How Your Personal Finance Habits Impact What Home You Can Buy
How Your Personal Finance Habits Impact Your Homebuying
It can be difficult to purchase or refinance a home with a bad credit score. This leads people to ask: is there anything I can do to quickly fix my score? Many people with bad credit think there is no foreseeable way to improve their situation. That’s simply not true.
Depending on your situation, you might be able to improve your credit score by 100 points in fairly short order.
Check Your Credit Report
This might surprise you, but lenders and credit reporting bureaus make mistakes. When they do, it’s rarely in your favor. And more often than not, their mistakes hurt your credit score.
So what can you do? Run a free credit check, then verify the accuracy of your credit report. By law, you are allowed to request a free credit report from each of the three major credit reporting bureaus: Experian, Equifax, and TransUnion. We suggest requesting your credit report from AnnualCreditReport.com, as it is the only online source for free credit reports authorized by U.S. law.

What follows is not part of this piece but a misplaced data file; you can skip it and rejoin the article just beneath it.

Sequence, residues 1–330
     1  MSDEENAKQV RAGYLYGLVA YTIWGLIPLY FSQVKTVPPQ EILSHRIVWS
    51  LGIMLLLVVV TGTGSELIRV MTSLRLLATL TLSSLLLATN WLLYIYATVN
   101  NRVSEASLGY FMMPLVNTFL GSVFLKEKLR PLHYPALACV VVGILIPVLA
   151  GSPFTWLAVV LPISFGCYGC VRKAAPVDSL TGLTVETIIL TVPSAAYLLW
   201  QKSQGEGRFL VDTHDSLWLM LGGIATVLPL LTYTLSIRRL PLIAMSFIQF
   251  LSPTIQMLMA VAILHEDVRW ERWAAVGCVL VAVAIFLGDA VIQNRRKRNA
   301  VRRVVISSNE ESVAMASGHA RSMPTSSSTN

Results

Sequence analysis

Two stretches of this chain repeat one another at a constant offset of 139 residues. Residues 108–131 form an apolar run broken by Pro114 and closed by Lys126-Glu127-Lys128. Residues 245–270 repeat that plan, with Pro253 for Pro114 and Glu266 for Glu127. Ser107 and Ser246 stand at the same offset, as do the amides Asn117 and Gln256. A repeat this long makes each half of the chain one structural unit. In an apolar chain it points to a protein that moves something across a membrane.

What should you look for in your credit report? Start with outdated information. Items such as late payments, bankruptcy, foreclosure, or loan delinquency can only remain on your credit report for seven years.
Also, look for any payments that have been marked late when you paid them on time.
If you find errors, you will need to file a dispute to have them removed. Once you file a dispute, the credit bureau will have 30 days to investigate and respond.
Keep Your Credit Cards Open
When people are rebuilding their credit score, they often hear that it is a good idea to pay off a card and cut it up.
Cutting up the credit card is OK, but what you don’t want to do is cancel the account or give the lender a reason to cancel it.
Lenders like to see borrowers with long-established credit histories. In fact, your credit history is a primary factor in establishing your FICO credit score. If your credit lines and loans only date back a few years, it is tougher to earn a good credit score.